That nagging, achy pain in your elbow…. many of us have experienced it and have been told it may be Golfer’s Elbow? So, exactly- What is Golfer’s Elbow?
Golfer’s Elbow is a health condition that can develop even if you have never picked up a golf club. The muscles of your forearm and hand attach to tendons in your elbow area that can become irritated or torn and cause pain around the bony bump on the inside of your elbow.
Check out our video “Treating Golfer’s Elbow with the 3pp Elbow POP Splint” – View Video
It can be caused by any activity that requires repeated twisting or flexion (bending downwards) of the wrist. Generally, it is caused by overuse of the forearm muscles during activities such as shoveling, gardening, throwing a ball or playing golf or tennis. Repeated lifting, especially something that’s heavy, where your elbow is extended and your palm is facing down, can also cause it. In addition to golf, other activities that may cause Golfer’s Elbow include racquet sports, baseball or softball, weightlifting, carpentry, painting, among others.
- Pain on the inside of your elbow when lifting your wrist or hand
- Pain when twisting your forearm or when making a fist
- Your elbow and surrounding area may be tender to the touch and slightly swollen
If your problem has gone on for a while, additional symptoms can include elbow stiffness, as well as weakness in your hands or wrist.
Treatment for Golfer’s Elbow includes:
- Resting your elbow
- Applying ice to your elbow area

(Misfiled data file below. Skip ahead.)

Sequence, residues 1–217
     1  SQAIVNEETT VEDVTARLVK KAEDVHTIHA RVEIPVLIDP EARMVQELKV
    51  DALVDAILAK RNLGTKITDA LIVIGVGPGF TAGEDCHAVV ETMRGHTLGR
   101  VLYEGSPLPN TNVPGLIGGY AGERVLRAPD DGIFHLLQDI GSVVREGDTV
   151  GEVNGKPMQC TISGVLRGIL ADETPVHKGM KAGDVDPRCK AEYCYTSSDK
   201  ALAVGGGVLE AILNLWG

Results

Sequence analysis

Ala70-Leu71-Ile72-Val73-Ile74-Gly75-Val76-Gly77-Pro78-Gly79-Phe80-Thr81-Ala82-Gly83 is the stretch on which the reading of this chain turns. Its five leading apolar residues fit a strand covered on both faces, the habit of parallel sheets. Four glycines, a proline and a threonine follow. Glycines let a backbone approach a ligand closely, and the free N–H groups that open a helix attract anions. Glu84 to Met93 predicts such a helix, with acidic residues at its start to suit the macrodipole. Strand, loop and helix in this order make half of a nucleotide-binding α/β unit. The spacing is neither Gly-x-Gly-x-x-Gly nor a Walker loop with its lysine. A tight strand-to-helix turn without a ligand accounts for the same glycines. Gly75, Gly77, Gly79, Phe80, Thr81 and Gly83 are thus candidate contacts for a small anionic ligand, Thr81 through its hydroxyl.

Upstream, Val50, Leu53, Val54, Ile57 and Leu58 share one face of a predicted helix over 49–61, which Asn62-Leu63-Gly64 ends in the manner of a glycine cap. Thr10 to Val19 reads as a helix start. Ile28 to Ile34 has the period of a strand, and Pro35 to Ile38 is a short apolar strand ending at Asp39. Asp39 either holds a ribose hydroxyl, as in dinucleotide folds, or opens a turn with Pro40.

- Taking an over the counter anti-inflammatory pain reliever
- Reducing the stress on your elbow by wearing a splint/brace
- An injection of a corticosteroid or painkiller in the elbow
It’s a good idea to rest both your elbow and wrist since the muscles that attach your wrist to your elbow are involved. A wrist splint and/or elbow wrap will help prevent further strain while you are healing. Elbow wraps such as the 3pp Elbow POP Splint are designed so that you can localize the pressure, without wrapping the entire band too tightly around your arm.
It may take several weeks of resting the elbow to relieve the pain, and even longer until the symptoms are gone completely. If rest, ice, and over-the-counter anti-inflammatory pain relievers are not effective in treating your Golfer’s Elbow, your doctor may suggest a cortisone shot to reduce pain and swelling. Stretching and strengthening exercises may be prescribed too. It is rare for surgery to be required.
Don’t hesitate to see your Doctor or Orthopedic Surgeon if you have concerns about elbow pain. Your visit will consist of a physical examination and if indicated, an x-ray.
You should seek immediate attention if:
- Your elbow doesn’t bend
- Your elbow looks deformed
- You think you broke a bone or
- You feel feverish and your elbow feels hot
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